Left alone in the wilderness has turned the two girls feral and devoid of all societal norms. They skulk around the cabin on all fours like rodents and communicate to one another through chirps and screams. The incredible discovery of the children brings to Lucas a new found sense of responsibility, one in which Annabel is not all that ready to accept. The couple hires on the help of a child psychotherapist to help reintroduce the two young girls into society. Lucas and Annabel take on the roles of adoptive parents. Soon, strange occurrences begin taking place with the children and Annabel and Lucas start to realize that Victoria and Lilly aren’t the only new residents they’ve welcomed into their home. Something else is trying to tuck their girls in at night, and it isn’t human.
“Mama” has many high points in its overall presentation, as well as a few lows. On the outset, we receive another terrific leading performance by actress Jessica Chastain, of which we’ve grown accustomed to over the last few years. She really nails her character of Annabel. Nikolaj Coster-Waldau, her co-star, does a fair job as well, but unfortunately he has far less screentime despite his seeming importance as a character in the overall plot. The narrative of “Mama” is rather solid. There are a few moments that some viewers may find convoluted or confusing; for me, I didn’t have any trouble following the story or suspending disbelief when it was necessary.
The cinematography in “Mama” is beautiful. A lot of time and effort was put into capturing some really great photography in this film. This helps to create some really original and suspenseful moments on screen. The only real complaints I had about the film were the creature effects and the climax. I know that these sound like two really big complaints, but allow me to explain. The climax of the film is fine, but it seems to go on for longer than it should. Also, events during the sequence seem to come off a little too conveniently, i.e. characters showing up out of nowhere; that sort of thing. It’s hard to explain and not give away plot points. When you see it, I believe you’ll understand what I mean.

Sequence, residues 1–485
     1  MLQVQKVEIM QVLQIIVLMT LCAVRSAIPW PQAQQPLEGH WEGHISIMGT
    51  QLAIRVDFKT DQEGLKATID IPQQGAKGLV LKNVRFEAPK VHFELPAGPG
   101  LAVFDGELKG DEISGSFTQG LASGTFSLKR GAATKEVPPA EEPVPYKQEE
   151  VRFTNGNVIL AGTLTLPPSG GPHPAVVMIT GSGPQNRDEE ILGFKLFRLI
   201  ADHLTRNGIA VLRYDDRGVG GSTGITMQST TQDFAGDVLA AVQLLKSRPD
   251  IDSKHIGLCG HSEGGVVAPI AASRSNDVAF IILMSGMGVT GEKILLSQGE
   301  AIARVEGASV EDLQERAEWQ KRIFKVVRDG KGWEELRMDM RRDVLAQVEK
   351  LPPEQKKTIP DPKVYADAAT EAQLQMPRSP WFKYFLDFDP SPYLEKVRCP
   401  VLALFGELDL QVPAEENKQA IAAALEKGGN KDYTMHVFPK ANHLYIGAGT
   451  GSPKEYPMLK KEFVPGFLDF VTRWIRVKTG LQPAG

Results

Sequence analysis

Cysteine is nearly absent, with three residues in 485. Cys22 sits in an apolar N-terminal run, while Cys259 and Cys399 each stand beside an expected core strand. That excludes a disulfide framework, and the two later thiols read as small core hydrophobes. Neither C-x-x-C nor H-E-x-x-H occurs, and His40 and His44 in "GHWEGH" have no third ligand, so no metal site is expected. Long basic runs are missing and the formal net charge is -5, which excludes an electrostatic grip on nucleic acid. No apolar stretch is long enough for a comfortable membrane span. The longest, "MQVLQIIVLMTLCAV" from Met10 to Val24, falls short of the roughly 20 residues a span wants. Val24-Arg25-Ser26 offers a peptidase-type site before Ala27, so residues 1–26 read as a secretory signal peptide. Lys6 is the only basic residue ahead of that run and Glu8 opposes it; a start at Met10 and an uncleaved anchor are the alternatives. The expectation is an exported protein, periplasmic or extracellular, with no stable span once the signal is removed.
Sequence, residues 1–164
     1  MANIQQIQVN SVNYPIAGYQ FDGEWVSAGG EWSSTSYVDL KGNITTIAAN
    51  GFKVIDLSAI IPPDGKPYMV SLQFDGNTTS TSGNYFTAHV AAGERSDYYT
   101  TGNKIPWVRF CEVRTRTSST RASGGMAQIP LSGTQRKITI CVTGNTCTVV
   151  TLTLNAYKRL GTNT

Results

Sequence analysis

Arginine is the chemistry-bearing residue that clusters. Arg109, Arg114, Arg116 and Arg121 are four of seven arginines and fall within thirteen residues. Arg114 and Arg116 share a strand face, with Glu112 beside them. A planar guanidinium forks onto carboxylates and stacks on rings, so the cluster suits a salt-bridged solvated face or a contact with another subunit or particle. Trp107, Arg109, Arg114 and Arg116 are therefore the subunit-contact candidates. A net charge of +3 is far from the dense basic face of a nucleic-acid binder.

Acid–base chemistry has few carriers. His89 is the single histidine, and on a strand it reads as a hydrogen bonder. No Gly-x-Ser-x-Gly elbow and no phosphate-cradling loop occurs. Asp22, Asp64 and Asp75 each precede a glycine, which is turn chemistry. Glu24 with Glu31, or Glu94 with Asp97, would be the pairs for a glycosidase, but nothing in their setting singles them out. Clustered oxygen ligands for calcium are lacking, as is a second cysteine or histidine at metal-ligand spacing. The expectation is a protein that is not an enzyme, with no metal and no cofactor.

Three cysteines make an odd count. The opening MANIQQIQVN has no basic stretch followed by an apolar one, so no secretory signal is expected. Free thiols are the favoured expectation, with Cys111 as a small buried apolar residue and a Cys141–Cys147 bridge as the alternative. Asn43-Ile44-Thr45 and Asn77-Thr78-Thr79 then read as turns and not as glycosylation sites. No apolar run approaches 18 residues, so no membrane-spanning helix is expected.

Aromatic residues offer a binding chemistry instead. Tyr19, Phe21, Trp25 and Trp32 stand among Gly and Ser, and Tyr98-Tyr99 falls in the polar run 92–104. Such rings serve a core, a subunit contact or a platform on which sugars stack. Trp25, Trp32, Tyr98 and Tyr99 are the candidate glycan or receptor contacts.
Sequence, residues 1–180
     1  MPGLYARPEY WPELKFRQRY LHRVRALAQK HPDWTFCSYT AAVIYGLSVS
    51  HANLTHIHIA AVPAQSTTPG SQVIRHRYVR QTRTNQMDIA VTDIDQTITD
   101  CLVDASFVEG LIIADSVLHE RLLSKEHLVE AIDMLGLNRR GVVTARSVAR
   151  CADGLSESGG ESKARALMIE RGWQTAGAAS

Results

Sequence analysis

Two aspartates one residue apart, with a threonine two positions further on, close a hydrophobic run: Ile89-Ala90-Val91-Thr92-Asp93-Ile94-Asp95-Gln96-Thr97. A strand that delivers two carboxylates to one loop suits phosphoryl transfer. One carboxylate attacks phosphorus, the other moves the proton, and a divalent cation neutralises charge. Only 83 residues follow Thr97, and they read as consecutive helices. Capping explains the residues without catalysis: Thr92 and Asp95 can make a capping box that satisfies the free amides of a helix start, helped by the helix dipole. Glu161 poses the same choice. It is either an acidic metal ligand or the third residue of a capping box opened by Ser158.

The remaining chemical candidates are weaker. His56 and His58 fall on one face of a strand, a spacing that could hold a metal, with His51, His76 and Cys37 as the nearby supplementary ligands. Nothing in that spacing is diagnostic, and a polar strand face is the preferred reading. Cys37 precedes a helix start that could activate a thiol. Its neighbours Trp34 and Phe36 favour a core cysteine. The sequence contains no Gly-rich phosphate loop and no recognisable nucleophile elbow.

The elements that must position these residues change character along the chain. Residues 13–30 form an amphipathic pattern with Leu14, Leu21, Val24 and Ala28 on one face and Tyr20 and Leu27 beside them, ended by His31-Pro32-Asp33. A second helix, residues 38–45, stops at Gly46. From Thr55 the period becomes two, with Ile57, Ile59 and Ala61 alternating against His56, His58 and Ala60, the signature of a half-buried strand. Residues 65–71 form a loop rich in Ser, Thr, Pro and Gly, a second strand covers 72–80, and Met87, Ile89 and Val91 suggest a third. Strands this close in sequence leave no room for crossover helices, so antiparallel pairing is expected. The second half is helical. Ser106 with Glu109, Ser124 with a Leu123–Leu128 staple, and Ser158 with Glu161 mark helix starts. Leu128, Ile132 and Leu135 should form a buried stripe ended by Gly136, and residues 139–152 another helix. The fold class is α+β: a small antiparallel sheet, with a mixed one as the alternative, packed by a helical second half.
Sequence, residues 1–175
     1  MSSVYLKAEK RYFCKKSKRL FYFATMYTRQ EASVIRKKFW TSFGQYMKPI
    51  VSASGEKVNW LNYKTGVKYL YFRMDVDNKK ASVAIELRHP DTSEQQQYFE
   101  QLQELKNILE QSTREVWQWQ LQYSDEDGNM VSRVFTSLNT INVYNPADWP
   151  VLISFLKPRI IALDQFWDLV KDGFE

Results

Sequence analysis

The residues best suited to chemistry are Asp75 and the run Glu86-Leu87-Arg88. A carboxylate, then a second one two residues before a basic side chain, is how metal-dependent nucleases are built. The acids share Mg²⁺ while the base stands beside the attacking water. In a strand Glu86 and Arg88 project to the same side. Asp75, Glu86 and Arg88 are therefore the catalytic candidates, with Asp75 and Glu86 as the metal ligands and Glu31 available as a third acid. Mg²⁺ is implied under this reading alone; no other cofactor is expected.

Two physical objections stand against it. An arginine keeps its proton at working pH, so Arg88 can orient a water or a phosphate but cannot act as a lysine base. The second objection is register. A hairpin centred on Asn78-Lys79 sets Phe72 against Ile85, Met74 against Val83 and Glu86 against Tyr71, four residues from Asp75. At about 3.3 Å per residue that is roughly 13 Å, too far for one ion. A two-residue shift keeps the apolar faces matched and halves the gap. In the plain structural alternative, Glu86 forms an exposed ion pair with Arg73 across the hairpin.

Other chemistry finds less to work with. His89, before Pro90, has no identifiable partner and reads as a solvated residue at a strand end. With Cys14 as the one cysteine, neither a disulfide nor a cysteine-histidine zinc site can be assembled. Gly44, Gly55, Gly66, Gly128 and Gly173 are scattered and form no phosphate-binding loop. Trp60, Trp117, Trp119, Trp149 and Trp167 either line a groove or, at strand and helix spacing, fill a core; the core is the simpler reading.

The second aspect of the film that gave me pause, was the presentation of “the creature”or of “Mama”. Her development is fantastic and really imaginative, but it took me a good amount of time to get used to seeing her. I would argue that she got revealed too soon and not given enough opportunity to really frighten the audience. At times she even looks a little cheesy due to the use of CGI. This is just my opinion and it shouldn’t be taken too closely to heart. I’m certain that others will feel differently and accept the creature right off the bat without complaint or argument. If you’ve seen the trailer, then the title character is, as I’m pretty sure you know, a poltergeist, and certainly one of modern cinema’s eeriest. She’s a spidery thing with a face that’s a dry-rotted mask of pain and rage. It’s awesome!
I’m just going to leave it at that. On the whole “Mama” serves up a fair amount of scares for those not bereft of old school horror inclinations. At times, events and dialogue in “Mama” can be a little cheesy and on-the-nose, but that’s half the fun of well realized horror. The best part of “Mama” is that there is no derivative sequel in sight and I believe if the film had had an R rating, then it could have been truly terrifying. It is however a great film and one that deserves to be seen by all; horror fan or not.